Boeing research shows that takeoff and landing are statistically more dangerous than any other part of a flight. 49% of all fatal accidents happen during the final descent and landing phases of the average flight, while 14% of all fatal accidents happen during takeoff and initial climb.
It happens when the airplane levels off after takeoff, usually either at the first assigned altitude or at a safe altitude where it will be accelerated in order to retract the flaps. The feeling is a result of negative vertical acceleration.
FIRST TIME FLYING - THIS IS EXCITING!
You'll always remember your seat number and the first safety demonstration by the cabin crew. It's an incredible feeling and you should feel really excited! The journey is just as important as the destination and your first flight is something memorable, unique.
Taking off is simple and feels like you are in an elevator. You will feel slight bumps during the flight, which is all part of the normal experience when in flight. You may feel turbulence, especially during inclement weather like thunderstorms and that, too, is a perfectly normal part of a plane ride.
Light turbulence momentarily causes slight changes in altitude and/or attitude or a slight bumpiness. Occupants of the airplane may feel a slight strain against their seat belts. Moderate turbulence is similar to light turbulence but somewhat more intense.
In absolute numbers, driving is more dangerous, with more than 5 million accidents compared to 20 accidents in flying. A more direct comparison per 100 million miles pits driving's 1.27 fatalities and 80 injuries against flying's lack of deaths and almost no injuries, which again shows air travel to be safer.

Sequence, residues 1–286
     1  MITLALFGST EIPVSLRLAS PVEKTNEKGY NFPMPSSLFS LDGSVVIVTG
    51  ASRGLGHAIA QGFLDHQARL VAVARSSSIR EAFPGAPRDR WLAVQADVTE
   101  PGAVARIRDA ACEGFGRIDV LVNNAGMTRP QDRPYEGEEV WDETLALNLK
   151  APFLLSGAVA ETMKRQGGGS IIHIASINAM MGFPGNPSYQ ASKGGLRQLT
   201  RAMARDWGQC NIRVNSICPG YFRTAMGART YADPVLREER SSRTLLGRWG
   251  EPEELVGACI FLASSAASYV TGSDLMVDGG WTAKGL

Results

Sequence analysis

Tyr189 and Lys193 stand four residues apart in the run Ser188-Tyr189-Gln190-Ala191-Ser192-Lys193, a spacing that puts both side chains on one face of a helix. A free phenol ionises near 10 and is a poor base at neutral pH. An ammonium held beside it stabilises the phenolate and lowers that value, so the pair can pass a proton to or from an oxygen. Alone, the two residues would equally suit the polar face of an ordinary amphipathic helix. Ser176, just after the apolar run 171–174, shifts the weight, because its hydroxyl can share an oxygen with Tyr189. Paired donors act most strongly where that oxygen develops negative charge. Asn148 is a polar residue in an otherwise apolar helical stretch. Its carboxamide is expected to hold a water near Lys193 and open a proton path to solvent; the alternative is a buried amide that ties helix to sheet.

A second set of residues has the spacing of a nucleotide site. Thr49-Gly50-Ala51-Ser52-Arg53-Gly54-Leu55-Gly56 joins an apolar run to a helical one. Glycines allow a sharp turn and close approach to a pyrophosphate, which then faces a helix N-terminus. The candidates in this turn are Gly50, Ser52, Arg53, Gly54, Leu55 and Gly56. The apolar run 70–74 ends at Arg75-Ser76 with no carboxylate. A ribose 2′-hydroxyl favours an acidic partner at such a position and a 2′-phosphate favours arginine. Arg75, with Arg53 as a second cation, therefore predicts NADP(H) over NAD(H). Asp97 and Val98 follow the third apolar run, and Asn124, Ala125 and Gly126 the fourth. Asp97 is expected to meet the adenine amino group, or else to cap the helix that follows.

In short, pilots are not worried about turbulence - avoiding it is for convenience and comfort rather than safety. In the best circumstances, pilots can forecast where turbulence is and steer clear of it.
Most accidents are due to pilot error. Piloting a small aircraft is a complex task that presents many opportunities to make mistakes. These often occur during descent and landing, when the pilot must transition out of level flight, gradually lose altitude, approach the runway, then land.
In that same year, 1,474 accidents were reported involving general aviation aircraft. NTSB statistics from 2013 reveal that in contrast to the safety record of commercial airplanes, small private planes average five accidents per day, accounting for nearly 500 American deaths in small planes each year.
Almost 95% of airplane crashes have survivors, so even if the worst does happen, your odds aren't as bad as you might think. You can learn to prepare for each flight safety, stay calm during the crash itself, and survive the aftermath.
The most important thing to know is that turbulence isn't dangerous. It might be a bit uncomfortable, but your plane is built to handle the worst. Even in the most severe turbulence, your plane isn't moving nearly as much as you think! Much of how we experience turbulence is subjective.